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The Last Englishman by Keith Foskett
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The Last Englishman

by Keith Foskett

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221476,730 (4.25)1
@1 (1) ebook (1) hiking (1) Kindle (3) non-fiction (3) to-read (1) travel (3)

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Foskett - known as Fozzie on the trail - is a thru-hiker. In this book he tells the story of his hike along the Pacific Crest Trail, from Mexico to Canada. Actually he didn't hike the entire trail in one stretch. He skipped most of Oregon and then after reaching Canada came back and finished the Oregon part, but going South Bound and also walking along roads instead of the trail proper because of the snow covering the trail. This sort of cut-and-paste approach to hiking the PCT seems common enough, from the stories Fozzie tells of other hikers.

This is a Lulu.com book, i.e. in the broad category of self-publication. Mostly the story comes through but there were some mildly annoying failures of copy editing, rough transitions, etc. But these were all minor and didn't stop the story from getting through.

Fozzie tells a good story. I enjoy reading travel and adventure books and while Fozzie's is not high literature, it is a fun read and the narrative flow keeps one turning the pages. Fozzie introduces us to a dozen or so other hikers along with brief introductions to many of the trail angels he meets along the way, people that house and feed hikers etc. He doesn't tell us much about the history or geography along the way. For Fozzie the hike is mostly a challenge that he is determined to meet. It is also a bit of a rolling party, too. He starts at the same time with many other hikers but is quite late in finishing. His lateness isn't so much a result of major mishaps. It'd be interesting to look at statistics on the progress of various hikers - the distribution of miles per day across the trip. I must say, just today I hiked about 8 miles with a 2000 foot climb, carrying maybe 8 pounds. Fozzie, along with other successful PCT thru-hikers, need to average something like 4x that hike, per day, every day, for months on end. That is really quite a feat! A lot of what kept Fozzie off the trail extra days was his work writing. My guess is that most successful thru-hikers don't try to keep up part-time work along the way!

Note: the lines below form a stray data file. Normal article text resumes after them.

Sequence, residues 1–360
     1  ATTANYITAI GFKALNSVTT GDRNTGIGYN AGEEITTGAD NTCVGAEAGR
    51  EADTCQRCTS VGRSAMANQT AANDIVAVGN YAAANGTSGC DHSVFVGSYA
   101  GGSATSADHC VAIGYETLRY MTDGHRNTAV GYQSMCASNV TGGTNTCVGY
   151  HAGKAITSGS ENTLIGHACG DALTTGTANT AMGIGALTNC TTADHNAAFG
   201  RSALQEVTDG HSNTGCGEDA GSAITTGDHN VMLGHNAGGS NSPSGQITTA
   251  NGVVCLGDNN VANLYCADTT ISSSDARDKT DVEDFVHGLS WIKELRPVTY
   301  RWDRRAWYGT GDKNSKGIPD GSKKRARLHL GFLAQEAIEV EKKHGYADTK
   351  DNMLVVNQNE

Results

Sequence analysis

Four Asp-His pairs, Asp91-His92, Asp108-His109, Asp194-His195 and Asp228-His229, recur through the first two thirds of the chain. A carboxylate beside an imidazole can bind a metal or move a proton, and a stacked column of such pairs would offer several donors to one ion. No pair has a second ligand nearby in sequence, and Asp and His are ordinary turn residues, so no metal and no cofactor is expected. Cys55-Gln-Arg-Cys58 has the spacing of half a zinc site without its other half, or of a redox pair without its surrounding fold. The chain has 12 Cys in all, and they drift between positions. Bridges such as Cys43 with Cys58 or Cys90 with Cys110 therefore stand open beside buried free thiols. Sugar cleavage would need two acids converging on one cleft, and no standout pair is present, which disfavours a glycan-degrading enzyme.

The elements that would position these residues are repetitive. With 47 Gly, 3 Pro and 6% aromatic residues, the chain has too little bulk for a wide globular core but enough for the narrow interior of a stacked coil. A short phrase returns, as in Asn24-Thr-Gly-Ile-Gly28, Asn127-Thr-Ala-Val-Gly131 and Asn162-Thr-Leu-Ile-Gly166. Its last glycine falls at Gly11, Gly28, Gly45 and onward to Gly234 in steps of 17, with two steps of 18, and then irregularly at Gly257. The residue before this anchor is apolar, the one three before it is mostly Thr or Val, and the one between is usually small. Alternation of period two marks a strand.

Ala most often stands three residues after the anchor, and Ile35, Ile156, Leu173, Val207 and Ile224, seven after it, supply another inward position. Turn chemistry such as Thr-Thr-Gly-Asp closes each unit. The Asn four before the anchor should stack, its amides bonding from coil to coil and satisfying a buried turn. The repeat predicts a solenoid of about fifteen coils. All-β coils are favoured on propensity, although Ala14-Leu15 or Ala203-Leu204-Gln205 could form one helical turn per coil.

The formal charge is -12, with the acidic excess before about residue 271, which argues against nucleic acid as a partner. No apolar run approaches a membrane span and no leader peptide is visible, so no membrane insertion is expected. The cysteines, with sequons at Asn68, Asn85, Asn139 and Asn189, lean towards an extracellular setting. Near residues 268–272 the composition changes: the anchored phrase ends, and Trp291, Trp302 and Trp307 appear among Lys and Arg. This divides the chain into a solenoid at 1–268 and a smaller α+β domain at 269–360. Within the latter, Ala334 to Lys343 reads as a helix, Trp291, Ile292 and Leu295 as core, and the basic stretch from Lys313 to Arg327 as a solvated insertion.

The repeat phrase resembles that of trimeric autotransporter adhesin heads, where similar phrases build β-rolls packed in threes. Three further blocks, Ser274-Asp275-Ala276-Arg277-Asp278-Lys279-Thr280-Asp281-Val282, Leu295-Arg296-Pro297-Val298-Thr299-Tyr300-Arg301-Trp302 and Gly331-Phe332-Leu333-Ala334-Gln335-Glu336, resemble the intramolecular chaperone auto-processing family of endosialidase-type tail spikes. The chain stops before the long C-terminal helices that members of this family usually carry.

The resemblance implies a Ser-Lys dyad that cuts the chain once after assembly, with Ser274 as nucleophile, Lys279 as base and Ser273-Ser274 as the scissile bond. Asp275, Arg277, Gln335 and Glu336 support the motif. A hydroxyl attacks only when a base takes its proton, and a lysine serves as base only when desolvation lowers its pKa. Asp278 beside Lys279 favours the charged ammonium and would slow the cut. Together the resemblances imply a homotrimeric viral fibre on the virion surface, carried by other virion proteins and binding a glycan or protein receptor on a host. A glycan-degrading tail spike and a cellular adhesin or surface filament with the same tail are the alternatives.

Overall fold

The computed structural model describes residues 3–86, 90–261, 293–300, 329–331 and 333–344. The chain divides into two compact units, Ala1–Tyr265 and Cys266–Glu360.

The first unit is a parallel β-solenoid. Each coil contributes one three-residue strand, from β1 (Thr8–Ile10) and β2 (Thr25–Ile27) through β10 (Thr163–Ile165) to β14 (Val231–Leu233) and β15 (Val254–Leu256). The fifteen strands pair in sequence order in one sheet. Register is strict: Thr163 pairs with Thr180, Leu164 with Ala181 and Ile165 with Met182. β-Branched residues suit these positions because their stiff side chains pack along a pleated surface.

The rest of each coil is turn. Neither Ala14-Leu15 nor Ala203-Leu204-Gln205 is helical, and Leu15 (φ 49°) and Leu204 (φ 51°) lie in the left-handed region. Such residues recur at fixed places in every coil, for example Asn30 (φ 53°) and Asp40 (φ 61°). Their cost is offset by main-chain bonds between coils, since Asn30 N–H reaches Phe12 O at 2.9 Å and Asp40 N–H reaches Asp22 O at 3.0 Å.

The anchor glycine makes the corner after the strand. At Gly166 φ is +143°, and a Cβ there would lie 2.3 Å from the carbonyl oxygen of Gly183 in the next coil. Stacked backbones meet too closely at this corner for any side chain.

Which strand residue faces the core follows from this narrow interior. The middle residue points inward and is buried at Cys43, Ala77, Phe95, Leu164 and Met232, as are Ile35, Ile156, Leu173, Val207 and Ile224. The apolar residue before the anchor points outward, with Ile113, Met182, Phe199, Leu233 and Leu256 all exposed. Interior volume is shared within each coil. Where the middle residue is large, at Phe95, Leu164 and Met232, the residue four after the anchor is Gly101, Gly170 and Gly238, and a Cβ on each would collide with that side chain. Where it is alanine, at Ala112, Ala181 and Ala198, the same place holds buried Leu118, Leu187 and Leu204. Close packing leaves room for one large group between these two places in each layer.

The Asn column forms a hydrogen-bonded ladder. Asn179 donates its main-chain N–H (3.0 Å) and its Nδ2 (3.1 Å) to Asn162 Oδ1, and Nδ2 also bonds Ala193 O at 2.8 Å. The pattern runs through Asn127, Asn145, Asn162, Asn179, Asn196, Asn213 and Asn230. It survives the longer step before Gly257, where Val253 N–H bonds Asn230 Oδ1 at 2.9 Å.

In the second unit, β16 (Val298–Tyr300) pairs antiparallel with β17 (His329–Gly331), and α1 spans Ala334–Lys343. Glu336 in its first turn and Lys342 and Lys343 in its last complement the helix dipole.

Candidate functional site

In a final chapter Fozzie tells some stories about the experiences thru-hikers have after leaving the trail, their re-entry into a less adventuresome routine. Fozze also tries to answer the question, "Why hike the PCT?"

This is a really fascinating question. Fozzie opens up a few dimensions but he doesn't explore them in any depth. For example, what is the relationship between adventure and challenge? Maybe adventure requires challenge, some impetus that pushes us out of our comfort zone and tests our limits. What about spontaneity, what about just enjoying experiences along the way? Adventure can have that flavor, exploring side trails even if that risks missing mileage goals. So that is a bit of tension with the challenge dimension.

Is there something special about the wilderness that makes wilderness adventure a special kind of adventure? One curious puzzle: to what extent is wilderness adventure a return to the natural human experience. Surely our evolutionary heritage is some kind of tribal hunter-gatherer. But this might not be a wilderness adventure! Probably our ancestors did what they could to play it safe and avoid unnecessary adventure. So then: what about adventure and danger? Probably it is always dangerous to test one's limits. But there are many ways to fail and many are not fatal. I wonder, thinking more about PCT thru-hiker statistics, what sorts of failures people experience. I imagine a few hikers must have died one way or another out on the trail.

Fozzie's story is good food for thought and also a very good sketch of the experience of a PCT Thru-Hiker for anyone considering that particular adventure! ( )
  kukulaj | Jul 21, 2013 |
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